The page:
Consider Paul’s words to the Corinthians, “Even if my letter made you sorrowful, I don’t regret sending it (even though I felt awful for a moment when I heard how it grieved you). Now I’m over-joyed—not because I made you sad, but because your grief led you to a deep repentance. You experienced godly sorrow, and as God intended, it brought about gain for you, not loss, so that no harm has been done by us. God designed us to feel remorse over sin in order to produce repentance that leads to victory, but the sorrow of the world works death” (2 Corinthians 7:8-10). Paul explains the mystery of the pain of discipline and godly sorrow, which leads to repentance, and then to the ultimate victory and peace that results. No wonder popular biblical imagery is firing pottery in a kiln; life sure does feel a lot being cooked in a kiln sometimes. Just think of Paul, then Saul, one day before he encountered Christ on the road to Damascus, then think of all that the Lord accomplished throughout the rest of the apostle’s life; let that sink in for what it’s worth.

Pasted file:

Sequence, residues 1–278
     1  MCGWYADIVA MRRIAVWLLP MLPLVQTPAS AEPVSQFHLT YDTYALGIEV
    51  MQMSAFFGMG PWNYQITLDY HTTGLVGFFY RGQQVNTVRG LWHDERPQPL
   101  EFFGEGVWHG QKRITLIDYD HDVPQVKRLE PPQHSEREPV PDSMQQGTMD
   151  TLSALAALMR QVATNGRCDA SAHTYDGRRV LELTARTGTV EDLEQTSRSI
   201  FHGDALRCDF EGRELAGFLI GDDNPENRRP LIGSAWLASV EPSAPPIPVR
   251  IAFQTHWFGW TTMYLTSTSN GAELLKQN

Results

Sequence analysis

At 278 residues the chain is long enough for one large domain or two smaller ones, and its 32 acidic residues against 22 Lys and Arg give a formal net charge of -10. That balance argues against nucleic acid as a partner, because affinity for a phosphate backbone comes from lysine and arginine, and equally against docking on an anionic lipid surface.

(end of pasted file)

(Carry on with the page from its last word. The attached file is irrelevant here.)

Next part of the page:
I know people who have experienced, or may still be experiencing, pain and heartache on a level that I cannot fathom. I know people who suffer from debilitating diseases. I know people who have been raped. I know people whose children were taken from them too soon. And each of the people who come to mind have at least two things in common. Each of them knows Jesus Christ, and each of them is a conqueror! To my knowledge, their pain didn’t mysteriously disappear; I’m not convinced that pain ever does completely go away, on this side of heaven, yet against all odds, good fruit continues to flow from each of them; it can’t be stopped! The fact that your world can be falling apart all around you, be filled with sorrow, maybe even bouts of anger, yet at your core, in your spirit, you still have peace; that has to come from heaven. Therefore, what do I have to fear? What can be done that God does not permit? No, it is you, Satan, who should fear; fear Him who is in me. “You, dear children, are from God and have overcome them, because the one who is in you is greater than the one who is in the world” (1 John 4:4). You may knock me down devil, but you can’t keep me down, not for long. Woe to you and to all of your works. I’ve seen your powers and principalities shudder in the presence of the Lord first hand; a sight it was indeed! The Lord is preparing His children for even greater things long after you’re less than a mere memory.